Upon joining British tailoring brand Dunhill in 2017, Mark Weston began developing a modern and sharp identity by twisting the conventional style of this British tailoring brand. Having previously held the role of Senior Vice President of Menswear at Burberry for nearly ten years, Weston has an instinctive respect for heritage, while understanding the importance of cool and desirable clothing in menswear today.
How do you define the future?
I define the future in terms of the possibility of ideas, responsibility in actions and innovation in creation.
Can you be a designer without thinking about the future?
I don’t personally believe so. As a designer you have to have a vision — often something that doesn’t exist yet — which requires thinking ahead and realising that creation in the appropriate time.
What does the future’s aesthetic look like, to you?
The future’s aesthetic is not defined and shouldn’t be, and it will never be only one aesthetic. It will continue to change shape as design evolves through experimentation and innovation in materials and manufacture as a reaction to changes in culture and society.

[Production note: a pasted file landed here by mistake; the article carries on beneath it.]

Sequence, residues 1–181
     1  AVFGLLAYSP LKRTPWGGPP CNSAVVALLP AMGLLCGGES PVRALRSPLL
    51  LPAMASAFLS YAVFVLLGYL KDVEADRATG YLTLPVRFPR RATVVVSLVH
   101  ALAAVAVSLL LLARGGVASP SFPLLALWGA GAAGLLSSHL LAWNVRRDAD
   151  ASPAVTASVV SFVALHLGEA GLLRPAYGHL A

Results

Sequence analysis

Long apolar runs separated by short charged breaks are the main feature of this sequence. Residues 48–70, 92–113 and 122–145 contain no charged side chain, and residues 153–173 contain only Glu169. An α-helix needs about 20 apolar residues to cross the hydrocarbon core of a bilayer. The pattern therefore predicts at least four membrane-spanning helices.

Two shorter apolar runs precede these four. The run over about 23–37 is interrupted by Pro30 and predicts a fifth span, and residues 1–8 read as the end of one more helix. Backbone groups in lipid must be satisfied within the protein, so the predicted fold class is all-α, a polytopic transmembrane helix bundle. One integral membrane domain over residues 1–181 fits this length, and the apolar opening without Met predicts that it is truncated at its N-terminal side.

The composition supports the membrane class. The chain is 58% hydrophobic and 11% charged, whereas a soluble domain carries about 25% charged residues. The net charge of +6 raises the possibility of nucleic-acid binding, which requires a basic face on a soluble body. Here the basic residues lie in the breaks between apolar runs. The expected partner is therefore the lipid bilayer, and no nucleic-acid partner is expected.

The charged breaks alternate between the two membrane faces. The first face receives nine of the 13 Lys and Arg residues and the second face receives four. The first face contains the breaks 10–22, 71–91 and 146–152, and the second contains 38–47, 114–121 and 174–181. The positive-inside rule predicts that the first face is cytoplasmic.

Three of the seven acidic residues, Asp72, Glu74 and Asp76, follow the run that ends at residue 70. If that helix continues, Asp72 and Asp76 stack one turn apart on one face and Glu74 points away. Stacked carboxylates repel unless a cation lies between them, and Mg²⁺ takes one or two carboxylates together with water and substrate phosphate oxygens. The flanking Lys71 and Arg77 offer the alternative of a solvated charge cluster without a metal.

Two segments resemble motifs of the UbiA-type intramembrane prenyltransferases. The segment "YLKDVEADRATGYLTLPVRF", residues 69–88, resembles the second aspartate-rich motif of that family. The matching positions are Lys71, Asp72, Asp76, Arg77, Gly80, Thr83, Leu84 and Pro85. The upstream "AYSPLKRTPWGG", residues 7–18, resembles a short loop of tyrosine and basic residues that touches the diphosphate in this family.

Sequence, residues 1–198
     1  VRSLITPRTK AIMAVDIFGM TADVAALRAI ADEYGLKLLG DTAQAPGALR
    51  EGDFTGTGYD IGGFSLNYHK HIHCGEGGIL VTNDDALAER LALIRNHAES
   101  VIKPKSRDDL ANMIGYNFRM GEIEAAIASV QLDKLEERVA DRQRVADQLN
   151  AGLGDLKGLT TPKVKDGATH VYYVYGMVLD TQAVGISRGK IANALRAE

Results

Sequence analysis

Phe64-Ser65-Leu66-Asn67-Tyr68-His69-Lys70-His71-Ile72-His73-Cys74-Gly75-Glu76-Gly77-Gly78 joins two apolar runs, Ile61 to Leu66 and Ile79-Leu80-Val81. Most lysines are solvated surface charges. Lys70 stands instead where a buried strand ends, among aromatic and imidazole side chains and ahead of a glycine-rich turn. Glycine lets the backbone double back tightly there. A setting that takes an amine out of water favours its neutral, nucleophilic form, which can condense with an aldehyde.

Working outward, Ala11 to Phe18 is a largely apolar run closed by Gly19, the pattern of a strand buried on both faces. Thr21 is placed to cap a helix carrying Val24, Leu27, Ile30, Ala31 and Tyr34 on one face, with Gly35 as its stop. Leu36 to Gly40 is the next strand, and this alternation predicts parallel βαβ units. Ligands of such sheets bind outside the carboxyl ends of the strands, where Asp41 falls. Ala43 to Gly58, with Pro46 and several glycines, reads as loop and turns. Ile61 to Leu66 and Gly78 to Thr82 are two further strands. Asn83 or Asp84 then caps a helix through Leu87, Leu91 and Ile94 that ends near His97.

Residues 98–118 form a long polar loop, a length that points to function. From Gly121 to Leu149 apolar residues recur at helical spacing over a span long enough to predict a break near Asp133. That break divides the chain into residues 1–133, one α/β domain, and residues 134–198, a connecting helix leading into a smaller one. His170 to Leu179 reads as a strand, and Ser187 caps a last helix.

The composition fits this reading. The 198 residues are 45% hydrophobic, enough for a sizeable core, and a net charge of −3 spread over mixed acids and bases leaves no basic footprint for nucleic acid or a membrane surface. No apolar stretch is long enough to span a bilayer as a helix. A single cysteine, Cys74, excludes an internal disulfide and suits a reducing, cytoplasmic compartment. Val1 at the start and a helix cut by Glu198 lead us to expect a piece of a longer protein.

How did 2020 change your outlook for the future?
I developed an initial sense to stop and reflect — to reflect on the last three years and focus on what is important to stand behind, which meant standing by my own beliefs that are also relevant for Dunhill.
Why is the future such an important element of fashion?
The future is about possibilities and the opportunity to have a vision for change, beauty and responsibility. Fashion must move forward.
How do you imagine fashion changing in ten years?
In ten years I hope fashion changes radically. Historically, through moments of massive cultural, political and social change, important new fashion movements are born.
Where do you see yourself in five years?
Continuing to lead this incredible British luxury house.
What is one thing we can start doing now that could positively impact our future?
Buy less, buy better. Take a stance and commit to changing old habits.
What concerns you about the future?
That the investment of time to learn skill and experience as a foundation to a practice will lose value in generations to come.
What excites you about the future?
Possibilities and reinvention.
Your wish for the future?
To be pushing those possibilities and moments of reinvention.
What about fashion will remain constant: what is permanent across past, present, and future?
Fashion will always be a reaction to cultural, political and societal change. That’s important.